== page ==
you will never see a sand scratch.
I totally disagree. You will see this unless you bury it with sealer. That's like saying to poly prime over an 80 scratch. Sure I can do it but I'm no longer priming for coats, I'm now worried about covering scratches which makes priming more of a hassle, and there's a risk of having scratches still there down low or in areas where you MAY not be as thorough. The lowest I go for final prime app is 260- 320 but it's ALWAYS reguide coated with 400-600 depending on what's sprayed. You also have to consider that if you're piling on sealer to cross link it's not cured when you're looking at it fresh. It will then settle and reveal scratches later. If it's a metallic you will notice your scratch patterns RIGHT AWAY due to the flakes laying funny, and it will only get worse. I say to make that possible you must be sealing with a 2k, which I've seen from time to time, but I don't recommend that at all. You want your sealer thin cause you're covering it before it's cured.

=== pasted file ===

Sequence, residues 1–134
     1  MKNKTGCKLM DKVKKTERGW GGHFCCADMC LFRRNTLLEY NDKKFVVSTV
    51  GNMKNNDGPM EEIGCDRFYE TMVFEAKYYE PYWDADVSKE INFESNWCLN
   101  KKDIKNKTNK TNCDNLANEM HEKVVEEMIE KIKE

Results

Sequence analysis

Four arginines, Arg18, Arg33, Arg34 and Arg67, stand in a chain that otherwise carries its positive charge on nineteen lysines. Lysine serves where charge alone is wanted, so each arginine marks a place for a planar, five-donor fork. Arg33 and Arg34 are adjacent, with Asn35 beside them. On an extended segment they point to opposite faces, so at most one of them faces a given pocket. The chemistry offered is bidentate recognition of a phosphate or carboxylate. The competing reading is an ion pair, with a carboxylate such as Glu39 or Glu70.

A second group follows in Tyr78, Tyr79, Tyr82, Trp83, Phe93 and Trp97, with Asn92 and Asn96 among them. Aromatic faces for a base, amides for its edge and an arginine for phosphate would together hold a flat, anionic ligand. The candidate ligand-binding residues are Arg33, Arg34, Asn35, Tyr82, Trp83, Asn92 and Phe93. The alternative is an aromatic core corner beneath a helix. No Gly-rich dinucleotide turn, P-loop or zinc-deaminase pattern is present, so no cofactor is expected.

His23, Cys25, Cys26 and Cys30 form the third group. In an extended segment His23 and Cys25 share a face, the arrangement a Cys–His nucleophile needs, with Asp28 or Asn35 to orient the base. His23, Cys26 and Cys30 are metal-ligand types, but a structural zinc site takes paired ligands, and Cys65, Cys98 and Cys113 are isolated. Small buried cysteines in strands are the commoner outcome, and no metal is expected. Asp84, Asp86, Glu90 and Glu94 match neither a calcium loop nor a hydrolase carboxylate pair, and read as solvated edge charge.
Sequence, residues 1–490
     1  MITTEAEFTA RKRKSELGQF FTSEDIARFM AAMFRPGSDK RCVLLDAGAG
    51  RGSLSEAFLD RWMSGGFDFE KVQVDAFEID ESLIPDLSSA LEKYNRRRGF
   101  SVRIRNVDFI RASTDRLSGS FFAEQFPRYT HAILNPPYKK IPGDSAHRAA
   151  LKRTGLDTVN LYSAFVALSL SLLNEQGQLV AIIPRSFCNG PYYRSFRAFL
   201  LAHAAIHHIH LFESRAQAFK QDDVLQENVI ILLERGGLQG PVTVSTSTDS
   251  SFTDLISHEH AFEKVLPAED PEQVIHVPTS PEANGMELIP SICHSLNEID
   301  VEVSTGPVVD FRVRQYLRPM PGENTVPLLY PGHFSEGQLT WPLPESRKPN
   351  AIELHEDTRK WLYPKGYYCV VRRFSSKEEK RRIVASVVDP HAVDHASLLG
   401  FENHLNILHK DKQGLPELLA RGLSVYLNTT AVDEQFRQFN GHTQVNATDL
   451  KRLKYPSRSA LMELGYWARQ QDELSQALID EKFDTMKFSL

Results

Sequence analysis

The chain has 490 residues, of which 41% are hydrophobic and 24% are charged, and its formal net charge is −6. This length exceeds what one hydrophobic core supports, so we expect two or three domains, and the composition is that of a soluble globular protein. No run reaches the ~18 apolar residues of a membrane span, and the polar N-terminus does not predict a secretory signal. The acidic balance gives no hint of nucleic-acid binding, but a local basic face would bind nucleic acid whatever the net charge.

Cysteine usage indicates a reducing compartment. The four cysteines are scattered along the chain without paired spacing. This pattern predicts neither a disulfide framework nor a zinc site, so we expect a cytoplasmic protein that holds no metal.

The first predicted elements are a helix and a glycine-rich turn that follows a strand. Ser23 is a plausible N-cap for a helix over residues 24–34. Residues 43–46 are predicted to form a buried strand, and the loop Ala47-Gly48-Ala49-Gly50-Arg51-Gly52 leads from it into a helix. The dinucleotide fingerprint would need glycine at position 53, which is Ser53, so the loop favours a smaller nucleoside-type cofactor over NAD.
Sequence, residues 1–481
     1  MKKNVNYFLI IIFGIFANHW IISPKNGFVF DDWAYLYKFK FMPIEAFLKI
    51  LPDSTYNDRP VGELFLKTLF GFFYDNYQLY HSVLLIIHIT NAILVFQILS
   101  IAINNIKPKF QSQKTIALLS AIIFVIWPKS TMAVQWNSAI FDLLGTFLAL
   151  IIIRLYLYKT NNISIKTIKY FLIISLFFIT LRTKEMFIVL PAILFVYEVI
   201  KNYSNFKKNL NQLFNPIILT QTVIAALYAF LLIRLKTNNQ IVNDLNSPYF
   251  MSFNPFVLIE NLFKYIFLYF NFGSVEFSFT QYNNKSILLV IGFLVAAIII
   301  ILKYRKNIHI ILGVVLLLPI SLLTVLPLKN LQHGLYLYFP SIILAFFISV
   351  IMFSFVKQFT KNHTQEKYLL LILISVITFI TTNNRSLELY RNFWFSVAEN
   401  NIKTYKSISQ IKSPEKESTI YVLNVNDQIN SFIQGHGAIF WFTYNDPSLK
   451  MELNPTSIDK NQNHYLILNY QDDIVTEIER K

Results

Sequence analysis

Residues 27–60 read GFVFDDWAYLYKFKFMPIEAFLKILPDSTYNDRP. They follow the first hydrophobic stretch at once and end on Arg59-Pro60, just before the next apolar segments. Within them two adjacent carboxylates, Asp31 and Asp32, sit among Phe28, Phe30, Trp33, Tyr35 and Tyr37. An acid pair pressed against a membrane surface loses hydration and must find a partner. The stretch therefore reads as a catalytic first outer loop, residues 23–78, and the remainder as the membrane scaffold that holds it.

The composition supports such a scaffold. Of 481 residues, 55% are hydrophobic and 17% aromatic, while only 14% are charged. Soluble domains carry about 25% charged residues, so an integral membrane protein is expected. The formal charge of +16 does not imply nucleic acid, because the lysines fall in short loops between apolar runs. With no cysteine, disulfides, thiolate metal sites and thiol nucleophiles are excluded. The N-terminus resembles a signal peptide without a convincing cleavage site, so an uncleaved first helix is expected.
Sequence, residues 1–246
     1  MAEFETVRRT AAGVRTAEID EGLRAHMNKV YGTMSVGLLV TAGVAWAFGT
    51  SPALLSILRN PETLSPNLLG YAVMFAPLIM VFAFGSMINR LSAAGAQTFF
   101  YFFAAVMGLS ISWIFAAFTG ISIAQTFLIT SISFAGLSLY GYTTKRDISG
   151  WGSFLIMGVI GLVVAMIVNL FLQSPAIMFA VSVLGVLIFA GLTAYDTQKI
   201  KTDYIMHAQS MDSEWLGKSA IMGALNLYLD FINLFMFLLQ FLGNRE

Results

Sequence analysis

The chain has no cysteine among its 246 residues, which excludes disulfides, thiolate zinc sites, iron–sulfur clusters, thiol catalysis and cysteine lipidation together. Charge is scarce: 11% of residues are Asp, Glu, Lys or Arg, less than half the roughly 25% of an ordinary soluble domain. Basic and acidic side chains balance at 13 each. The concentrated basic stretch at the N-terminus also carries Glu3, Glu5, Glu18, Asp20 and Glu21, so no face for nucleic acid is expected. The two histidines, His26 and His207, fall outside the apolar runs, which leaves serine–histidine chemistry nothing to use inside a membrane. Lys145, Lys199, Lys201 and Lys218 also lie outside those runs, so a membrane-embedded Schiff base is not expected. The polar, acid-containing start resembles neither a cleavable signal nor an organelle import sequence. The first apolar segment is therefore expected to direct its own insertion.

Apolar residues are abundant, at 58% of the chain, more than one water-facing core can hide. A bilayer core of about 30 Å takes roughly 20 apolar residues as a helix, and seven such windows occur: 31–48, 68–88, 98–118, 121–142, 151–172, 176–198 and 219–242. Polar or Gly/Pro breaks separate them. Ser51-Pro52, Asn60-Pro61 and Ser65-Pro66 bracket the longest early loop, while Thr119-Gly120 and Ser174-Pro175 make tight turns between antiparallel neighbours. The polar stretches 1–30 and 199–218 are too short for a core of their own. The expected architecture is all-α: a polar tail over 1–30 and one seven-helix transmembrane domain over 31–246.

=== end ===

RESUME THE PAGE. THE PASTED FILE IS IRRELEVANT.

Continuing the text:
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Old 05-14-2011, 04:33 PM
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from my experience finish all repairs in 180 followed be by 3 coats of high build primer. rubbing primer will depend on next coat
water basecoat 320 then 400
solvent basecoat 320
high or medium solid (2k) 240
sealer 240

i would never and have never preped using water because its un required work, dry sanding is faster and cleaner, occasionaly the da pads may clog but have never seen it damage primer/paintwork.

i cant believe people still use wet and dry for anything more than denibbing/polishing, i though wet sanding primer went out
in the 80s